August 27, 1989, Sunday

LENGTH: 709 words

HEADLINE: The Years of Living Dangerously

BYLINE: By Mitchell Stephens. Mitchell Stephens is the author of "A History of News" and an associate professor of journalism at New York University.

THE YELLOW KIDS: Foreign Correspondents in the Heydey of Yellow Journalism, by Joyce Milton. Harper & Row, 412 pp., $22.95.

FEW SUBJECTS are viewed with such shortsightedness as journalism. We watch Geraldo Rivera broadcasting from a house of prostitution and think he has invented sensationalism. We see the publicity surrounding Diane Sawyer and conclude that journalists have never before achieved such celebrity. We watch Sam Donaldson interrogate some politician and decide that journalists have never before wielded such power. We read the reports from Tiananmen Square and believe that the world has never before been so aggressively covered.

An account of one short period in the history of journalism - press coverage of events surrounding the Spanish-American War in 1898 - is alone sufficient to disabuse us of all these notions.

The two most dynamic figures in fin de siecle journalism in this country were Joseph Pulitzer of the New York World and William Randolph Hearst of the New York Journal. Pulitzer and Hearst filled the pages of their papers with a mix of blood, sex, color comics and progressive crusades - "yellow journalism" it was called, after a comic character, the "yellow kid," who appeared in both papers. And they spread what the Journal called "War Fever" with an exuberance, partisanship and effectiveness unlike anything that modern television viewers or newspaper readers have seen.

WHILE THE cable Hearst is said to have sent to a Journal illustrator in Cuba - "you furnish the pictures, and I'll furnish the war" - is probably apocryphal, Hearst did come as close as has any American outside of government to single-handedly starting a war. For example, when Hearst learned that an attractive young Cuban woman was being held as a rebel agent in a Spanish jail, he devoted 375 columns of newsprint to a romanticized version of her story, finally sending one of his reporters to rescue her from jail.

And when the U.S.S. Maine exploded in Havana harbor for reasons that have still not been determined, Journal headlines read, "Maine destroyed By Spanish . . . This Proved Absolutely by Discovery of the Torpedo Hole" and "War Sure!" This last may have been a self-fulfilling prophecy. Within a couple of months the United States had declared war on Spain over Cuba.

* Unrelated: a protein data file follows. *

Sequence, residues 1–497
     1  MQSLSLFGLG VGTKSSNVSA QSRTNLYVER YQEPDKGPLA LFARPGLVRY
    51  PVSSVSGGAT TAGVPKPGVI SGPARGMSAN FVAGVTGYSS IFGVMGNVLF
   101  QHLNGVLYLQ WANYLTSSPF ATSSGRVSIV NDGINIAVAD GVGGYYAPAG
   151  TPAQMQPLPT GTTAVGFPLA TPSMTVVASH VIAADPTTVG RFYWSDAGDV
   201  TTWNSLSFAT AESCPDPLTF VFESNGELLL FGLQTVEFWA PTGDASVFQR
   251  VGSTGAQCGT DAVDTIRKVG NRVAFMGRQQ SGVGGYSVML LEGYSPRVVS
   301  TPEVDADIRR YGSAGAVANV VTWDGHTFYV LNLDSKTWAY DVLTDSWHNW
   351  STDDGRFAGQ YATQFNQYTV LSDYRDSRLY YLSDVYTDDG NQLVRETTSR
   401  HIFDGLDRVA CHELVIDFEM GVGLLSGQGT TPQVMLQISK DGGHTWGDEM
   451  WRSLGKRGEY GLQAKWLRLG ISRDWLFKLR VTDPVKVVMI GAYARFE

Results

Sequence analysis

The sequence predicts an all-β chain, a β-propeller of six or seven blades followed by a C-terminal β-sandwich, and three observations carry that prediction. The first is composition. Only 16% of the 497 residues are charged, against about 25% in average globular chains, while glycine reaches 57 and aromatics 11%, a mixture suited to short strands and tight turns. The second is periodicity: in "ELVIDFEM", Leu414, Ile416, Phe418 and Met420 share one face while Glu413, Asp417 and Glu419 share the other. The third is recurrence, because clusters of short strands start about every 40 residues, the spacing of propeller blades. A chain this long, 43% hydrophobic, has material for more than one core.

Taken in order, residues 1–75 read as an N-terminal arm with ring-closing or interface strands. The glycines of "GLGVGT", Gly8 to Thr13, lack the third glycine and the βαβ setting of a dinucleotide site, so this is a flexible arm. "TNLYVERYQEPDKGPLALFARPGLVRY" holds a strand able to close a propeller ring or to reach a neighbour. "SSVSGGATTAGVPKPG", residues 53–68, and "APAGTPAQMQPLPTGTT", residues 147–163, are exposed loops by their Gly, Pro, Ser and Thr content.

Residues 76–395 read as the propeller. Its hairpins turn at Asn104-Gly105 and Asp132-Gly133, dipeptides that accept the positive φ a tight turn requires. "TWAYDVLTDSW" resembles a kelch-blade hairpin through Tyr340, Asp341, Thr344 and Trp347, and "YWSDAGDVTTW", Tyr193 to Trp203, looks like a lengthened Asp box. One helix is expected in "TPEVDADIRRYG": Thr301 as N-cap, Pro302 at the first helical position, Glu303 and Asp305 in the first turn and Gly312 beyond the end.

The young correspondents who covered events in Cuba - the dashing Richard Harding Davis, for example, and the novelist Stephen Crane, who was sent to Cuba by Hearst - were stars in their own right. They weaseled their way aboard the boats running guns to the Cuban rebels. They crawled through the swamps to cross Spanish lines and interview rebel leaders. They stood amidst the bullets with the Rough Riders atop San Juan Hill (ducking was considered bad form).

Perhaps the most daring of this daring lot, the World's Sylvester Scovel, spent time in both Spanish and American jails. Most of these reporters, like Scovel, worked for the "yellow" papers; Davis dubbed them the "yellow kids."

THE STORIES the "yellow kids" produced were often overheated, frequently slanted, occasionally misleading. Still, newspaper readers in the 1890s probably knew more about goings-on in the Cuban hills than readers and viewers in the 1980s know about goings-on in Beirut.

Joyce Milton's book on this period is short on analysis. This is not the place to turn for perspective on yellow journalism or the Spanish-American War. Milton strings together accounts of the adventures of the best-known of these journalists, including just enough background to set off the anecdotes.

But what an engaging collection of anecdotes it is. One Journal reporter, for example, was lying wounded on the ground after a battle when he heard someone say to him, "Copy! Copy! An hour to spare before the paper goes to press!" It was Hearst himself, notebook in hand, flush with excitement. "I'm sorry you're hurt," the publisher said. "But wasn't it a splendid fight? We beat every paper in the world."

Many of these stories have been told before, but not recently, and Milton tells them well. She provides a spirited, if somewhat superficial, account of a time in American journalism that was - difficult as this is for us to believe - wilder than our own.